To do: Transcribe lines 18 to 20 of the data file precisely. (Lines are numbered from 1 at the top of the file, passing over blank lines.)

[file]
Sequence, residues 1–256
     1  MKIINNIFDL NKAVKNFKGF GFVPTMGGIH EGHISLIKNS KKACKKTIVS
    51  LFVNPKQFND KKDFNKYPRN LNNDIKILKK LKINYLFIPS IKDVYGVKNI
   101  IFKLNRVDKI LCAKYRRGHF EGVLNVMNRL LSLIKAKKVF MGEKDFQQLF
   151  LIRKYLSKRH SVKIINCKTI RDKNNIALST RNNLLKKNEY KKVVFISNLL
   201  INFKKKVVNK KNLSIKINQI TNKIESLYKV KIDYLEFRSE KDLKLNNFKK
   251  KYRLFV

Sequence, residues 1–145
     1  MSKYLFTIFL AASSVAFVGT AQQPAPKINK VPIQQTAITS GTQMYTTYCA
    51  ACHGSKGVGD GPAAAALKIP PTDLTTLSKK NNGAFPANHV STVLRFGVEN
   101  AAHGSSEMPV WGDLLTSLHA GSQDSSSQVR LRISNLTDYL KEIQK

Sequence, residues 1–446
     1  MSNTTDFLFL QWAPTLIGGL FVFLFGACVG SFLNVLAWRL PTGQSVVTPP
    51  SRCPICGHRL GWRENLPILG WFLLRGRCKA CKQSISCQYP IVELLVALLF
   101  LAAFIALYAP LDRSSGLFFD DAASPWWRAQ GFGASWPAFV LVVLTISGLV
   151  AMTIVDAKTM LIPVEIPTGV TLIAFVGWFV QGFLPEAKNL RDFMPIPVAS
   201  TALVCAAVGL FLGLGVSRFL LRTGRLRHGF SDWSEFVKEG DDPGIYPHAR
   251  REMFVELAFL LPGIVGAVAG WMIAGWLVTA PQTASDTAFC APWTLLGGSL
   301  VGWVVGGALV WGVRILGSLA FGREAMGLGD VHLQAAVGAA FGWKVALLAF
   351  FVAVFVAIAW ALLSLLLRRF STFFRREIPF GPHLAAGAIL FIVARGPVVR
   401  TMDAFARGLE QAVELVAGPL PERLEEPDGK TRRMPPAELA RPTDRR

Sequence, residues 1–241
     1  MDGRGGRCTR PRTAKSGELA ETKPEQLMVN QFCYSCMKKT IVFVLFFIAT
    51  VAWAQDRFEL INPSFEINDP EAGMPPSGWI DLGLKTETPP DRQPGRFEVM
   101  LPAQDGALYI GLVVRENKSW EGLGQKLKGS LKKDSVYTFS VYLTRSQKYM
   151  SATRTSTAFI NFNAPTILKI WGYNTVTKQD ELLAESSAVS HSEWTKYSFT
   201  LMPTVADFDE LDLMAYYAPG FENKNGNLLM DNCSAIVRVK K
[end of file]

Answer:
   251  REMFVELAFL LPGIVGAVAG WMIAGWLVTA PQTASDTAFC APWTLLGGSL
   301  VGWVVGGALV WGVRILGSLA FGREAMGLGD VHLQAAVGAA FGWKVALLAF
   351  FVAVFVAIAW ALLSLLLRRF STFFRREIPF GPHLAAGAIL FIVARGPVVR